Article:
Equity, accountability key next steps after Gavi replenishment

Gavi, the Vaccine Alliance rolls out a new vaccine in Cameroon. The alliance has reached its funding goal of $7.5 billion during the second pledging conference held in Berlin, Germany. Photo by: D. Rowe / Gavi

After months of intense advocacy toward governments around the world, the 2015 replenishment conference for Gavi, the Vaccine Alliance has culminated in a resounding success: World leaders met, and even slightly exceeded, Gavi’s funding ask of $7.5 billion for the next five years of its work.

Gavi is an international organization working to expand access to childhood vaccines in the world’s poorest countries. So, what will this new funding get us?

Gavi has estimated that the contribution will support countries to vaccinate 300 million additional children from 2016 to 2020, preventing up to 6 million deaths.

Most donors — including Norway, Canada, the United Kingdom, the United States and the European Commission — increased their contributions to Gavi to help meet this goal, and should be commended for their ambition and vision.

National budgets are stretched and global health can often seem like an easy cut, but the leaders who stepped up have shown that they can look beyond immediate national interests — and that they are committed to investing in a healthy future for the world’s poorest children.

Take the example of Kenya. Just this year, Kenya launched the new rotavirus vaccine, which will avert more than 5,000 deaths from diarrhea among Kenyan infants. Before the vaccine roll out, 40 percent of all hospital admissions in the country were children under the age of 5 suffering from diarrhea. The new vaccine will go a long way to bring these unacceptable numbers down, and clear overstretched hospital wards of children dying from this preventable illness.

We are also hopeful that this strong support for vaccines will translate into broader and continued commitment to maternal and child health in general, particularly as the global financial commitments to maternal, neonatal and child health under the 2010 G-8 Muskoka Initiative will run out this year and will need to be renewed.

The Gavi replenishment is the start of this momentum, not just for international governments, but also for the organization itself to work more closely with communities to ensure vaccines are delivered to the world’s poorest children.

Its goal is to reach every child with vaccines, and Gavi has made equity a centerpiece of its 2016-2020 strategy. But to ensure equity and sustainability are firmly cemented as the cornerstone of its efforts to reach every child with vaccines, Gavi must also prioritize working with communities and involve civil society organizations.

Remote communities often have little access to information about the importance of immunization and how to make sure that children are vaccinated against preventable diseases. Community organizations are therefore essential to creating the buy-in, ownership and demand from communities for immunization, so that we can reach every last child.

CSOs also work toward improving the planning, management and performance of equitable health systems’ policies and immunization programs. Since 2011, national CSO platforms have been established in 14 countries with 128 CSOs actively engaging in national health sector planning and policy processes.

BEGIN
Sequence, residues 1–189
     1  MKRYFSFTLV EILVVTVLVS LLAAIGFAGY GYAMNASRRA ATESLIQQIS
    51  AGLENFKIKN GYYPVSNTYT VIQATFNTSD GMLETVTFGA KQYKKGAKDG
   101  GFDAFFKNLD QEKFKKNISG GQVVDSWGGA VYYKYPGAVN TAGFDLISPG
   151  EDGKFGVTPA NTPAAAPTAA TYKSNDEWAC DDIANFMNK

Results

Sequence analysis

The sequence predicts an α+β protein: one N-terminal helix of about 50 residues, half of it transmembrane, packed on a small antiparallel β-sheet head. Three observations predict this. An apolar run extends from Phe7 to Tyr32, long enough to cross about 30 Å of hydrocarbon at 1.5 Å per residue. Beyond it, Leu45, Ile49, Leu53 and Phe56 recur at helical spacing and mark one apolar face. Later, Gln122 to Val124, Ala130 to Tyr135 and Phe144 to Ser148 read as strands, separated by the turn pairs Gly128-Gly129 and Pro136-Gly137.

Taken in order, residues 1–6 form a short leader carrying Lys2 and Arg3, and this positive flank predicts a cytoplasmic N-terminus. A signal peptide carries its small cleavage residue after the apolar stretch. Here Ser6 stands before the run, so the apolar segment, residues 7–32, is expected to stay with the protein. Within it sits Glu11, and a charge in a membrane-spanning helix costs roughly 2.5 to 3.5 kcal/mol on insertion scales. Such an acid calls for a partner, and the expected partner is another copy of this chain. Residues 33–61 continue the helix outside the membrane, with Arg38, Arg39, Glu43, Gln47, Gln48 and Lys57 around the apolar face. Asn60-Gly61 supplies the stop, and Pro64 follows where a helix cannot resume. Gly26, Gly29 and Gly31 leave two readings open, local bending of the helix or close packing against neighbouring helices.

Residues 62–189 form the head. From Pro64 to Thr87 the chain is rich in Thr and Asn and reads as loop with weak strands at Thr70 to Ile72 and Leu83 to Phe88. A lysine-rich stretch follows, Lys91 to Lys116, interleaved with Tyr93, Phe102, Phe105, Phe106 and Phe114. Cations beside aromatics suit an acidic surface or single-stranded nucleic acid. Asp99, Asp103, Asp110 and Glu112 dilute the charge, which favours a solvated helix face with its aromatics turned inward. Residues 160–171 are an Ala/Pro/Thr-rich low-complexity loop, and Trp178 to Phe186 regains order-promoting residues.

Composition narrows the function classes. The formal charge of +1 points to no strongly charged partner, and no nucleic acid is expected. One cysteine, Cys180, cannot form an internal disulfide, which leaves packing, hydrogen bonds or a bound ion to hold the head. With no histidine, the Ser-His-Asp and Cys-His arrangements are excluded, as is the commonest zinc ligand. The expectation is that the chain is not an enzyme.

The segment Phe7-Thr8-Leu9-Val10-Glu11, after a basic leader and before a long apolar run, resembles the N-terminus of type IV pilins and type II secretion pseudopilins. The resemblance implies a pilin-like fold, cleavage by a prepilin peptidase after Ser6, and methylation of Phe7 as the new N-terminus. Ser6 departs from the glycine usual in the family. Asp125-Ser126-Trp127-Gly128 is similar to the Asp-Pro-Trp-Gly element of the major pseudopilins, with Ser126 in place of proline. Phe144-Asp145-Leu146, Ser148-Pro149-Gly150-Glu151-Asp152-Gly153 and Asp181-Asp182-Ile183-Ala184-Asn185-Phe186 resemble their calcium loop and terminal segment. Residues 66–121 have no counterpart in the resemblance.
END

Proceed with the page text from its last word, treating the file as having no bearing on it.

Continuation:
In Kenya, for example, improved capacity within the CSO platform has led to closer collaboration with the Division of Vaccines and Immunization to discuss immunization issues and provide input on government decision making.

In a difficult economic context, CSOs advocate to ensure domestic and foreign aid budgets are dedicated to immunization. And once commitments are made, CSOs play a watchdog role to guarantee commitments made at national and international levels are delivered.

The Action for Global Health network, for example, tracks official development assistance for health budgets in key European donors and has developed an ODA health tracker to compare actual development assistance for health from governments to their official ODA commitments to gain a more accurate picture of EU donor performance.

In addition, ACTION — an international partnership of advocacy organizations from the global north and south — has developed a scorecard that keeps track of the 17 pledges to Gavi by traditional aid donors. Now that lifesaving resources have been pledged, those funds must be delivered on time, and must reach those most in need.

On Jan. 30, ACTION released an update to its scorecard to analyze donor commitments and payments to Gavi. It’s clear that the hard work has only just started, but for today, we can be grateful to the world leaders who stepped up and made their ambitious pledges.

These pledges are an act of true global solidarity with the world’s poorest children, paving the way for them to live healthier futures that will contribute to the wellbeing of their communities and countries.

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About the authors

  • Patrick Bertrand

    Patrick Bertrand is executive director of Global Health Advocates France, a member of Action for Global Health, the Gavi Civil Society Steering Committee, and the ACTION global health advocacy partnership.
  • Jack Ndegwa

    Jack Ndegwa is vaccines advocacy manager for the Kenya Aids NGOs Consortium, a member of the Gavi Civil Society Steering Committee, and the ACTION global health advocacy partnership.